For U.S. skiing, the long-awaited future has come and gone -- now what happens?
By Tim Layden
Last sunday morning U.S. ski racer Jonna Mendes ripped down the Wildflower course at Snowbasin and slammed to a stop in the finish corral, far out of the medal chase (she would place 16th) in the Super G. The crowd roared its appreciation, and Mendes blew kisses back. It was a sweet, patriotic scene that has been repeated endlessly at Olympic Alpine races, an arms-wide embrace of racers in red-white-and-blue, a thanks for trying so darn hard.
Against this loving backdrop the U.S. ski team has reached a crossroads. The medal count may yet reach a respectable total (and beat the bar-set-low goal of three Alpine medals established by U.S. Ski and Snowboard Association CEO and president Bill Marolt). The larger picture, though, is more unnerving.
Four years ago the U.S. women's Olympic team coaches sought to build for the future by taking then 20-year-old Kirsten Clark, 19-year-old Sarah Schleper and Caroline Lalive and Mendes, both 18, to the Nagano Games, largely for the experience, as none of them were truly ready to compete at a high level. With Salt Lake looming four years in the distance, the attitude was, Just wait.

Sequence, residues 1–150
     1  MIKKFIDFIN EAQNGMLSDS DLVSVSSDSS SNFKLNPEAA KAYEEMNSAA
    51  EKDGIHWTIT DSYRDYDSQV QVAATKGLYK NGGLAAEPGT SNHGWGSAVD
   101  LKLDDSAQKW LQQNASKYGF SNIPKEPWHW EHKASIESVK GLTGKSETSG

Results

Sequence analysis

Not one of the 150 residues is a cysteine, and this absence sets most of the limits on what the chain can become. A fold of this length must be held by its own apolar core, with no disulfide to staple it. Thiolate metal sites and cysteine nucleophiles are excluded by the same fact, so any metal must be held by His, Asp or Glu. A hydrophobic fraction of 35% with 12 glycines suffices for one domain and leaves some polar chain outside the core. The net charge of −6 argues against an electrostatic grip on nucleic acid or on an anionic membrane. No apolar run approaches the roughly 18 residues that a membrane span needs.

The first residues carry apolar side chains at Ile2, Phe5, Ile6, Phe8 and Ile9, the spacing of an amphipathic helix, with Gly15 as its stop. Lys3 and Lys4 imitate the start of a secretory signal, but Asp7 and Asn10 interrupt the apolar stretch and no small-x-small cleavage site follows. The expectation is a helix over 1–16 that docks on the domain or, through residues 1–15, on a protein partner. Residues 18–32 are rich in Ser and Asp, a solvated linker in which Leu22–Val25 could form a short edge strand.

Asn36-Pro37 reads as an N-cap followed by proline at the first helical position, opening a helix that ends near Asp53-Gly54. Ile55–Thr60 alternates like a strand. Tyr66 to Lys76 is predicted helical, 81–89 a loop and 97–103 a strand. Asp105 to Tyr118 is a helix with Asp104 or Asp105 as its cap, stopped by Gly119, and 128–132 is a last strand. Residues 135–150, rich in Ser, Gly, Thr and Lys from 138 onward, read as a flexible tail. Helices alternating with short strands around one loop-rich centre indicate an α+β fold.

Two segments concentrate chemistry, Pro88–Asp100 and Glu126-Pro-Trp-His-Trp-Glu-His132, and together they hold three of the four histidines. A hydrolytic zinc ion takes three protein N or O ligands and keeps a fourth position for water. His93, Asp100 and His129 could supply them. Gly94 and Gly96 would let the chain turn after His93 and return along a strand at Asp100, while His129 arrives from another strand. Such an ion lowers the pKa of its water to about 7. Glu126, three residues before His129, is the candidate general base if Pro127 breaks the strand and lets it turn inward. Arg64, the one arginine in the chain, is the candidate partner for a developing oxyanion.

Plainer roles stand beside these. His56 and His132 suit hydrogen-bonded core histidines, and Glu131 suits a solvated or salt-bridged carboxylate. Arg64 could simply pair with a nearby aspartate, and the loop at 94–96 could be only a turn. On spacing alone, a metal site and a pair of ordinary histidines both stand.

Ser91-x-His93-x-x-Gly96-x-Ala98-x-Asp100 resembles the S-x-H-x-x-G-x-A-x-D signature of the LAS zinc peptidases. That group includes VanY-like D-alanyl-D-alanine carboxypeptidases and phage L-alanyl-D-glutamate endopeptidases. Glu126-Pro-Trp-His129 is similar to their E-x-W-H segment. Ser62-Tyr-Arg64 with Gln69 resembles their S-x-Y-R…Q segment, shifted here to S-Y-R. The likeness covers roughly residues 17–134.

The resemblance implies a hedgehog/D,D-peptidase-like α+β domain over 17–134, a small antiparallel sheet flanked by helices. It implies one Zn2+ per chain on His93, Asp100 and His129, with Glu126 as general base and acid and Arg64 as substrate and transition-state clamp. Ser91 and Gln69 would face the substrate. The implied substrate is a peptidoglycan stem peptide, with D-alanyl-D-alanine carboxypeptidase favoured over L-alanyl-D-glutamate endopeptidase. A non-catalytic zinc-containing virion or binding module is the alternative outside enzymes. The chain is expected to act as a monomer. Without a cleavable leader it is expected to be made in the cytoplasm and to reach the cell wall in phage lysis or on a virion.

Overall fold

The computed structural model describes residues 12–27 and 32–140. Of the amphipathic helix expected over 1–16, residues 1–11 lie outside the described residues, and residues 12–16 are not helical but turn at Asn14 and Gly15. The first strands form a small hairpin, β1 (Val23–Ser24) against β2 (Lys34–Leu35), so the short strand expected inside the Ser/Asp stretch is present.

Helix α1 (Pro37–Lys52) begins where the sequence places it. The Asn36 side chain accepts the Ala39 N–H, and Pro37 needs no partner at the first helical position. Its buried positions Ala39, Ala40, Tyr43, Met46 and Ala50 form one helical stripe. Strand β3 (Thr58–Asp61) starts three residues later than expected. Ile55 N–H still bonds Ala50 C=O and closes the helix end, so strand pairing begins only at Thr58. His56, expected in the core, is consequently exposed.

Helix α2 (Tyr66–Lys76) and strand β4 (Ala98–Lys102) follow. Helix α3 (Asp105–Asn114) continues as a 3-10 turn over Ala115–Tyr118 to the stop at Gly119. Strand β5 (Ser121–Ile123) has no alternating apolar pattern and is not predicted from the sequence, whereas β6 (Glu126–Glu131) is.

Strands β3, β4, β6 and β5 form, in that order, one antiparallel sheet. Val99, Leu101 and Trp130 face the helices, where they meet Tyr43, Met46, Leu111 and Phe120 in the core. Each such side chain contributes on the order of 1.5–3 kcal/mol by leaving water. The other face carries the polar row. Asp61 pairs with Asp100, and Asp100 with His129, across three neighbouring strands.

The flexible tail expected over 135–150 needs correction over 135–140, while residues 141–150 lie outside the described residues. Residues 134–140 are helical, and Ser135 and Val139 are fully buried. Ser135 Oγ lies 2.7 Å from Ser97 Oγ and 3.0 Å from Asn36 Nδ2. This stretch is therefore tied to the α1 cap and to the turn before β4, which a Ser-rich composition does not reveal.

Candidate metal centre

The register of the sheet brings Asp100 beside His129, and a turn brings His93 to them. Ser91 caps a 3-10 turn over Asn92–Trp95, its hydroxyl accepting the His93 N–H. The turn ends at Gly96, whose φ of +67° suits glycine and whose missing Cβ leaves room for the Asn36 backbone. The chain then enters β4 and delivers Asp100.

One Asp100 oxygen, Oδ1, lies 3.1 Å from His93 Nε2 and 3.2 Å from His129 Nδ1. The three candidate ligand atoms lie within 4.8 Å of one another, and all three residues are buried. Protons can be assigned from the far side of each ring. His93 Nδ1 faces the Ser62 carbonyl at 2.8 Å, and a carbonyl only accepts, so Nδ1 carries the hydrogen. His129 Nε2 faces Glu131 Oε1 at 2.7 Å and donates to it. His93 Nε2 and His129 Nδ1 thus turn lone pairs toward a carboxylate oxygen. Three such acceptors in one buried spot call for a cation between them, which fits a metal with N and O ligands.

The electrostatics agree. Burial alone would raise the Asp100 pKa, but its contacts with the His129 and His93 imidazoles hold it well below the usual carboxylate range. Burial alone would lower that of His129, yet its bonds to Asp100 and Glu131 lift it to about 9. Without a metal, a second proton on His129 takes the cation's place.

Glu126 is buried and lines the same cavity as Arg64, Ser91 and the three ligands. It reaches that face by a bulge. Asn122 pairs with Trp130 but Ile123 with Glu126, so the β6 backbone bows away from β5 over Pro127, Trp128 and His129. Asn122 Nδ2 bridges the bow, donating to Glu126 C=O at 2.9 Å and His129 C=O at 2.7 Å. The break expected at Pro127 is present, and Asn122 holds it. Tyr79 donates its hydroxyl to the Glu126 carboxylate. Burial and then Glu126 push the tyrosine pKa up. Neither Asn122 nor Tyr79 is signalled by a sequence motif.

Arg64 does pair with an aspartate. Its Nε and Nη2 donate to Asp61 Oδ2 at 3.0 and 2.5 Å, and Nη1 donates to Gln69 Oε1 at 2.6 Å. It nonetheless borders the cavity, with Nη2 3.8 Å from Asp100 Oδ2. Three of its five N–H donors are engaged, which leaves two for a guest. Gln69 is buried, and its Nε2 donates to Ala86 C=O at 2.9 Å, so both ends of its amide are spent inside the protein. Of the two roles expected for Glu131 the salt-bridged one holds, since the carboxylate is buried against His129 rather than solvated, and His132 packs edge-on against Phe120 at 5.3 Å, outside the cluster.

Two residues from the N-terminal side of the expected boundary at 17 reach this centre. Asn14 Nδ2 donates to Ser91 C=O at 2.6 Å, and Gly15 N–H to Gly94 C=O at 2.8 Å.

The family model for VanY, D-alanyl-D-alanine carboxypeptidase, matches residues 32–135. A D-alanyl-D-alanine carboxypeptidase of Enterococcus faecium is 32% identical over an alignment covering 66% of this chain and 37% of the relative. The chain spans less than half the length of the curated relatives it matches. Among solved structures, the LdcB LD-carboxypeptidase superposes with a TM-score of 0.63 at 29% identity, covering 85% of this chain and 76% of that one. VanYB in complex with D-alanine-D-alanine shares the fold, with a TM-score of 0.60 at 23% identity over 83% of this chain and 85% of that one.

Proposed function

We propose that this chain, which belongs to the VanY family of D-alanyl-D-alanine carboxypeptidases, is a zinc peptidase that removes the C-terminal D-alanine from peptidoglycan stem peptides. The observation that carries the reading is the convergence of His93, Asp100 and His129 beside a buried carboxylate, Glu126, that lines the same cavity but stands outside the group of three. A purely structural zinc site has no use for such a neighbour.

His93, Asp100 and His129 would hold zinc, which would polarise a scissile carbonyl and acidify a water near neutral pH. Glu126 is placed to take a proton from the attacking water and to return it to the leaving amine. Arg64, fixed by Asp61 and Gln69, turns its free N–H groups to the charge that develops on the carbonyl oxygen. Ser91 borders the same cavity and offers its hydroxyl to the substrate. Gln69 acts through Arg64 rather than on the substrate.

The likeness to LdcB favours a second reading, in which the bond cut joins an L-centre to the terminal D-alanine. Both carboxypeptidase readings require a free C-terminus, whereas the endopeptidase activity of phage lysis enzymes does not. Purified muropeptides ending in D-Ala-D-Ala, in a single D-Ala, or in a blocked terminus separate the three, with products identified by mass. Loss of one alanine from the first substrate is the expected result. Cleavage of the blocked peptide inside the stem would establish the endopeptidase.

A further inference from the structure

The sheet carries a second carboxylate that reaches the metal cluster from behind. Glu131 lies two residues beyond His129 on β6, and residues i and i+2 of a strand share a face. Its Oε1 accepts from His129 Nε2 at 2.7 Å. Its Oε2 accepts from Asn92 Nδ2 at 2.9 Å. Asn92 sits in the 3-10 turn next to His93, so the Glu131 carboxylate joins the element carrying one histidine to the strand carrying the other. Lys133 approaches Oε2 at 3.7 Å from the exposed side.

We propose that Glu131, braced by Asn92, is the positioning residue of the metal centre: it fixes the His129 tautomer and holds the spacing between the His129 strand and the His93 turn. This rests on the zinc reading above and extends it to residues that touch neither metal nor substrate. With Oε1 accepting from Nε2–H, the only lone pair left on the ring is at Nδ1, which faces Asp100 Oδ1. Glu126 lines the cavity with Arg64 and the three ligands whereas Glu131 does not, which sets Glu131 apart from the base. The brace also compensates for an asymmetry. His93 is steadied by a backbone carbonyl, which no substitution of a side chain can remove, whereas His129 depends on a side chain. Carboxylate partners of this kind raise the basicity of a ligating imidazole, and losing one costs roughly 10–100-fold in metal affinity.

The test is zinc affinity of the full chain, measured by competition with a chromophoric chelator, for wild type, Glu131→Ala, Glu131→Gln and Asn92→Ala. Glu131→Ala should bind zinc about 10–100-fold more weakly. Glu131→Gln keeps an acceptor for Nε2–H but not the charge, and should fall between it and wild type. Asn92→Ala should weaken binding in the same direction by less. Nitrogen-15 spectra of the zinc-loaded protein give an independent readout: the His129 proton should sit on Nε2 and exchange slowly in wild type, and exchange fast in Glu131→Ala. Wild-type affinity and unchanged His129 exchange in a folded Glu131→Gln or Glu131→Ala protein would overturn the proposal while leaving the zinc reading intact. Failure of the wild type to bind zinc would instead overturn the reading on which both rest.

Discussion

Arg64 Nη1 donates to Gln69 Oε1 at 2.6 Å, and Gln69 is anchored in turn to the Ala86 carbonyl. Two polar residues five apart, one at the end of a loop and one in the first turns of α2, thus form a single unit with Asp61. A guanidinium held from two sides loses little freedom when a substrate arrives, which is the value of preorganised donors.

In Salt Lake, Clark was 12th in the downhill and 14th in Super G; Mendes finished 11th in downhill before her 16th in Super G. Lalive failed to finish either the downhill, combined or Super G, felled by nerves. "We expected more; the placing is not good," said U.S. women's head coach Marjan Cernigoj.
Perhaps the problem is partly the expectations created by a home court Olympics. "This has been on our minds for sooo long," said Mendes after the Super G. "I really wanted to come out with a medal. It's devastating."
On the men's side, an injury in January to Chad Fleischer left Daron Rahlves to carry the U.S. load in downhill and the Super G. He was spooked when the media descended upon him after a fast -- but meaningless -- training run and went on to finish 16th and eighth, respectively. With no pressure, 21-year-old Marco Sullivan finished ninth in the downhill, and Thomas Vonn did likewise in the Super G.
So look ahead: The women's speed program has lost Picabo Street to retirement. The Nagano Kids may have plateaued. On the technical (slalom and giant slalom) side, neither Schleper nor Kristina Koznick finished their first run in yesterday's slalom. (Both are entered in tomorrow's GS.) Unless Sullivan is the real deal, the men's speed cabinet is bare. Only the men's technical ski program, in which Bode Miller has Tom Rothrock, Vonn and Chip Knight behind him, looks strong for the long term.
Questions must be asked. Such as: Should the emphasis among women now turn to young skiers like 17-year-old Lindsey Kildow, who was a shocking sixth in the combined? And will the system help her advance any better than it did Clark, Lalive and Mendes? So many times the U.S. skiers who excel are rebels working either on the edges of the system or outside it altogether. Think Phil and Steve Mahre, Tommy Moe, Street, Miller. Koznick left the U.S. program two years ago.
It's a huge challenge, training individual athletes in a team environment and racing countries like Austria and Germany. It takes work and creativity. Cernigoj said it best: "We've got to take a look at everything we've done."